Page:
Opinion: Five famous stings and leaks

Australia

Cricket has been rocked in recent weeks by allegations of match fixing in the sport. It is nothing new. There has been talk of matches being for years now, with many suggesting that it was well established in the seventies and before.

Cricket has been rocked in recent weeks by allegations of match fixing in the sport. It is nothing new. There has been talk of matches being for years now, with many suggesting that it was well established in the seventies and before.

So what has led to this flurry of revelations? Well it certainly isn't the cricketing authorities uncovering the wrong doing. Instead we found out what is going on thanks to the interventions of journalists or whistle blowers.

The information relating to Lou Vincent's nefarious goings on are not the first time information has come to light in this way. And while cricket carries on burying its head in the sand like a particularly stubborn ostrich you can sure it won't be the last.

Here are some of the leaks and stings that we have had over the years.

<b>News of The World – 2010</b>

Perhaps the first time that 'spot fixing' become a phrase that every cricket fan was aware of, in 2010 the News of the World arranged for Pakistani bowlers to deliver no balls to order. As much as anything else these planned no balls were to show the undercover journalists of the control that the middle man had over these players.

That fixer in every sense of the word was Mazher Majeed, a British man that had managed to get close to the players involved. Those players were the then captain Salman Butt and opening bowlers Mohammad Asif and Mohammad Amir.

All three players received lengthy bans and prison sentences. If the hope was that this would act as a deterrent then it was a forlorn one as these current fixing allegations are from events that took place after 2010.

<b>Big Three Takeover – 2014</b>

Word spread that a meeting was taking place in Dubai, but those that follow the ICC closely had no idea why it was taking place. Those journalists that asked the question as to why this was happening were met with stony silence.

Then a friendly person in the know delivered a document into the inboxes of several cricket writers that outlined a detailed plan to change cricket forever. The 'Big 3' boards of India, England and Australia had decided that the only way forward for the game was for them to take charge.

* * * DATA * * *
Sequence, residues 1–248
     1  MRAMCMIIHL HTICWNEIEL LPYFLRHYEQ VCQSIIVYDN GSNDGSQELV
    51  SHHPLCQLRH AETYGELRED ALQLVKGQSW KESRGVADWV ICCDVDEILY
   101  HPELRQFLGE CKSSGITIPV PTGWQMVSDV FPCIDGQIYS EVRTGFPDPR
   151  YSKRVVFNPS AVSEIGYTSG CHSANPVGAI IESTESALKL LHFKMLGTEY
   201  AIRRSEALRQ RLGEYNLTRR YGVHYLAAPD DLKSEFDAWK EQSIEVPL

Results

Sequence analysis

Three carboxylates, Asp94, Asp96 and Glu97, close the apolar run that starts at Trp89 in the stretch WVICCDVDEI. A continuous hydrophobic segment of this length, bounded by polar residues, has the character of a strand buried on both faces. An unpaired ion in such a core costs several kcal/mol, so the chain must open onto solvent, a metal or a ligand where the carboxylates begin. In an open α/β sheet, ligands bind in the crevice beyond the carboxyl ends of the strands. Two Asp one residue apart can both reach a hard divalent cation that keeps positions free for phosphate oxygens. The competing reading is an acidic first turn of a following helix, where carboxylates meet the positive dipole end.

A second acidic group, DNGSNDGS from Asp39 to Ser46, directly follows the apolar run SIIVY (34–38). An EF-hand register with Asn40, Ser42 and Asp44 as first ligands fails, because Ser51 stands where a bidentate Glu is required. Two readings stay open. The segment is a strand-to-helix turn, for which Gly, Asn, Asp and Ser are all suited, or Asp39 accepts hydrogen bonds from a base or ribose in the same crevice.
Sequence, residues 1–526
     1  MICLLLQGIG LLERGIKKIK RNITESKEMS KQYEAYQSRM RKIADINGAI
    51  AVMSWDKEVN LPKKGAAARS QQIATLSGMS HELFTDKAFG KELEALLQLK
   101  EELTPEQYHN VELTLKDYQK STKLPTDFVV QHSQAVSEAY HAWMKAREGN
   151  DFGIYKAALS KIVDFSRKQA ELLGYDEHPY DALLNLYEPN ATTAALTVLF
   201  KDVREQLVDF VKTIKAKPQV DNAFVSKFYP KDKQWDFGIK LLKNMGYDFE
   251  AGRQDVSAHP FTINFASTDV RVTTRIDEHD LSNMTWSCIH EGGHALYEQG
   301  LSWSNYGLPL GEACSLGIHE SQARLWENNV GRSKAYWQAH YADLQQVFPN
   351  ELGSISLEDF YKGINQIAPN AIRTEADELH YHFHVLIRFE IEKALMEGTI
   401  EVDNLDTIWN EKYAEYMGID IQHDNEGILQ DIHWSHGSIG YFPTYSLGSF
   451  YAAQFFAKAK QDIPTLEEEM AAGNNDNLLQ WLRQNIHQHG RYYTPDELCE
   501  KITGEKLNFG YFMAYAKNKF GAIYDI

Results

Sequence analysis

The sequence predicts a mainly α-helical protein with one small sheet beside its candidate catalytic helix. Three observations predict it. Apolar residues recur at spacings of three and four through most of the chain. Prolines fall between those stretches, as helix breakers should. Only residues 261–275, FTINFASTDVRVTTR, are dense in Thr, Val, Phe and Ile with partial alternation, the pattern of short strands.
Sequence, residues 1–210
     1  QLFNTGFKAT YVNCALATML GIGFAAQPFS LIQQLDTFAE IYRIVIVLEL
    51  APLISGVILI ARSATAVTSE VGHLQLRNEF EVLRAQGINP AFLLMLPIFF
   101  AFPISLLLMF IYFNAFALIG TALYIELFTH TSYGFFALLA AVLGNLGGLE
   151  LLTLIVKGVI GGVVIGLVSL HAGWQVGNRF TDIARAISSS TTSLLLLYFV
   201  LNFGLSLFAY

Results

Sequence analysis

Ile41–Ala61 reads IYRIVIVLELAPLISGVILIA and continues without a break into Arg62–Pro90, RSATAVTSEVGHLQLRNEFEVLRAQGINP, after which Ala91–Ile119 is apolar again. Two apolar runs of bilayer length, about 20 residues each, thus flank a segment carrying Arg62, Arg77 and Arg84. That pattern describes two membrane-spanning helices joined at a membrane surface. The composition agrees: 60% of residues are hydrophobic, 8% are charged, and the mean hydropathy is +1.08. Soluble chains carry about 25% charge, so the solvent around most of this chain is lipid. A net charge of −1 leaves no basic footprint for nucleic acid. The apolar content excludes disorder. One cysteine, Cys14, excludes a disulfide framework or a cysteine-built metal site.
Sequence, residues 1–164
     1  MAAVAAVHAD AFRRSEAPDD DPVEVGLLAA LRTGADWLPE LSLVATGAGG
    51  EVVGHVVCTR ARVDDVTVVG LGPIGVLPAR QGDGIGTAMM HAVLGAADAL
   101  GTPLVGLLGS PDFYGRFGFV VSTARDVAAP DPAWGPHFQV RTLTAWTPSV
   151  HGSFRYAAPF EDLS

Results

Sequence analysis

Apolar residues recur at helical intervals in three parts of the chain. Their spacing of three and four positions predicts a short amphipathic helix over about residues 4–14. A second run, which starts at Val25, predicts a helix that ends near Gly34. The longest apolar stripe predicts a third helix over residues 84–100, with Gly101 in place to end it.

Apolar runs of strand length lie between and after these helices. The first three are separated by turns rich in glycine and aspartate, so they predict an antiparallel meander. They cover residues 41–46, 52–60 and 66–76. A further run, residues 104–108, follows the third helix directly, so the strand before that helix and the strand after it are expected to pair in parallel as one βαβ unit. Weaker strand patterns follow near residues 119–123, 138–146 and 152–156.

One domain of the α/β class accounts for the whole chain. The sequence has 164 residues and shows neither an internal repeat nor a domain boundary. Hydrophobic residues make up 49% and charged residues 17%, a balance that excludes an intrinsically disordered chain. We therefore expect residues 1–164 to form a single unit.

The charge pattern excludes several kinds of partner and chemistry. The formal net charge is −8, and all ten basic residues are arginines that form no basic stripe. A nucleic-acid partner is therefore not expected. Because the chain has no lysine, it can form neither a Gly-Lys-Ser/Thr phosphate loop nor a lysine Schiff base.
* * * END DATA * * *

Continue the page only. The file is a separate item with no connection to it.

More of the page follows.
The motivations for this further centralisation of power appeared to be that it was better having the Indian board inside the tent pissing out than outside pissing in and getting everybody wet.

If the intention of the leaker was to stop this plan they were not successful. It happened anyway. Some concessions were made along the way to appease the little guys, but they got their way.

<b>India TV sting – 2012</b>

Before the most recent, and much higher profile, fixing allegations at the IPL there came this sting by tabloid TV station India TV. They managed to get several players and a few umpires caught on camera offering to alter results for cash.

All those that were caught were small fry compared with the bigger names that would come to light in 2012, but it was still the work of a TV station that brought those corrupt individuals to light.

During the 2013 season Indian Test player Shanthakumaran Sreesanth was one of the much bigger names that were caught up in another spot fixing scandal. This time the information was gathered by the Delhi and Mumbai police rather than a TV station. Again the authorities needed a hand to punish the wrong doers.

<b>Tehelka TV sting – 2000</b>

All the way back in 2000 in the wake of the Hansie Cronje revelations Indian TV channel Tehelka managed to persuade Indian bowler Manoj Prabhakar to record conversations with a number of well known players and administrators.

These tapes formed the basis of an enquiry by Central Bureau of Investigation. At the end of that investigation Mohammad Azharuddin, Ajay Jadeja and Ajay Sharma indicted for match fixing.

The documentary entitled Fallen Heroes: The Betrayal of a Nation caused shock waves across India and ended many people's naivety as far as corruption in cricket is concerned.

<b>Adelaide leak – 1933</b>

A disclosure from a different time. Back on the bodyline tour of 1932/33 there was a leak. Something that was unprecedented at the time. Australian captain Bill Woodfull was struck in the chest by a delivery from England quick Harold Larwood.

Woodfull was clearly shaken and was out just a few short balls later. When Pelham Warner, the manager of the England touring side, went to the home team's dressing room to enquire after the health of the Aussie captain he was given short shrift.

Woodfull was disgusted by the tactics that the England side were using, bowling bouncer after bouncer at the opposing team's batsmen. This falling out made into the papers and all sides involved were furious at the leak.

Many suspected that Jack Fingleton was the source of the leak. As well as being a member of the Australian side he was also a journalist. Although the finger of suspicion fell on him he always denied any involvement.

<b>Peter Miller</b>

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